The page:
Earlier this summer, the Arkansas Secretary of State’s Office showcased a Reeves exhibit at a State Capitol event commemorating the grand opening of the 51,000 square-foot USMM facility in Fort Smith on July 1. The exhibit unveiled on June 22 includes a life-size poster of the famous Black lawman and other artifacts related to service as a U.S. marshal dating back to the 19th century.
In 2007, after a rigorous selection process, top U.S. Marshall Service officials chose Fort Smith as the permanent home for its national museum. Since then, more than 15 years of planning, fundraising and design efforts have taken place to build the state-of-the-art facility designed by Boston-based Cambridge Seven and Polk Stanley Wilcox Architects of Little Rock. Construction of the $50 million museum was completed in early 2020, followed by the installation of galleries and exhibits earlier this year.
“To say we’re excited would be a vast understatement,” USMM Chair Doug Babb said of the July 1 grand opening. “It’s truly gratifying to see the work of so many different people who have dedicated their time and resources to this effort come to fruition. This will be a jewel for Fort Smith, the state of Arkansas and the country.”
Located off the Arkansas River in Fort Smith, the national museum honors the service and history of the USMS and features architectural cantilevered roofs that look like a star from an aerial view. The star-shaped design signifies the star badge worn by courageous U.S. Marshals. The museum also features five immersive galleries to educate guests about the critical, ever-evolving role the Marshals have played in upholding the Rule of Law, driven by justice, integrity and service.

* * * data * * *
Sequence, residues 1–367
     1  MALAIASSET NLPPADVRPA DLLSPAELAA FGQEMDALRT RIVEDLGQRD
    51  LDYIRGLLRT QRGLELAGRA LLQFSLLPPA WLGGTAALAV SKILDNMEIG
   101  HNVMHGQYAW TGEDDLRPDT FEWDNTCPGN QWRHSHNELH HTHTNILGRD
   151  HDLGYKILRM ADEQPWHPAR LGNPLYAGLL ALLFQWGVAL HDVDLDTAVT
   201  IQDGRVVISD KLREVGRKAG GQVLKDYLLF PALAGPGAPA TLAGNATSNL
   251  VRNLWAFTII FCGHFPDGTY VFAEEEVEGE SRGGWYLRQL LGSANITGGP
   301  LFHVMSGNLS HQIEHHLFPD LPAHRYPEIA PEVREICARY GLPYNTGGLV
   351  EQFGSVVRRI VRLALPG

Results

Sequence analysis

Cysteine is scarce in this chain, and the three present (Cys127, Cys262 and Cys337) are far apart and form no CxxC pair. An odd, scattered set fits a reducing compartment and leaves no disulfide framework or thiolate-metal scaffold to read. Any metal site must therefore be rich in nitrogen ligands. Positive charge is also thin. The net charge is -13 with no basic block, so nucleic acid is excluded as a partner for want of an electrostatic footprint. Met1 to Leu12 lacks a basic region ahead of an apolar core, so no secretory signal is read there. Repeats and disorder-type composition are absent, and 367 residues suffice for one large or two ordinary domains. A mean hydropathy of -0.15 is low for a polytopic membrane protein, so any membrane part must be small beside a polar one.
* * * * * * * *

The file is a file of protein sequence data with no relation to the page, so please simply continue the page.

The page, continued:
Exhibits and 20,000 square foot of gallery space also feature the latest in digital interaction technology as well as rare historical artifacts, documents and movies and videos that tell the stories of the agency’s 230+ year history. The museum includes a store featuring books, gifts and keepsakes, while the facility’s café will offer Fort Smith’s first riverfront dining experience. Meeting spaces and classrooms are planned later for school and community use.
“The museum will inspire Americans across the country – both now and for future generation – to live with the core values of the U.S. Marshals Service, justice, integrity, and service. Now it’s time to welcome the world through our doors,” said USMM President and CEO Benjamin Johnson.
Just a mile from the museum, a 25-foot bronze statue depicting Reeves on a horse-riding west was also dedicated in Fort Smith’s Pendergraft Park in 2012. The statue, designed by sculptor Harold T. Holden at a cost of more than $300,000, was paid for by donations to the Bass Reeves Legacy Initiative.
Besides Basses’ recent accolades, the Black Arkansas lawman has also emerged as a pop culture figure across the globe. For example, he appeared in the acclaimed 2019 HBO series Watchmen, was the subject of a comic book series published by Allegiance Arts starting in 2020, and appeared that same year in an issue of the Franco-Belgian comic book series Lucky Luke titled, “Un Cow-Boy Dans Le Coton,” which means “A Cowboy in High Cotton.”.
He was also the subject of Sidney Thompson’s trilogy of historical novels and appeared in the July 2021 Texas Monthly magazine cover story that focused on his broader legacy. Reeves worked until Oklahoma achieved statehood in 1907 when he became a city policeman for Muskogee. He died of Bright’s disease, what we now call nephritis, in January 1910.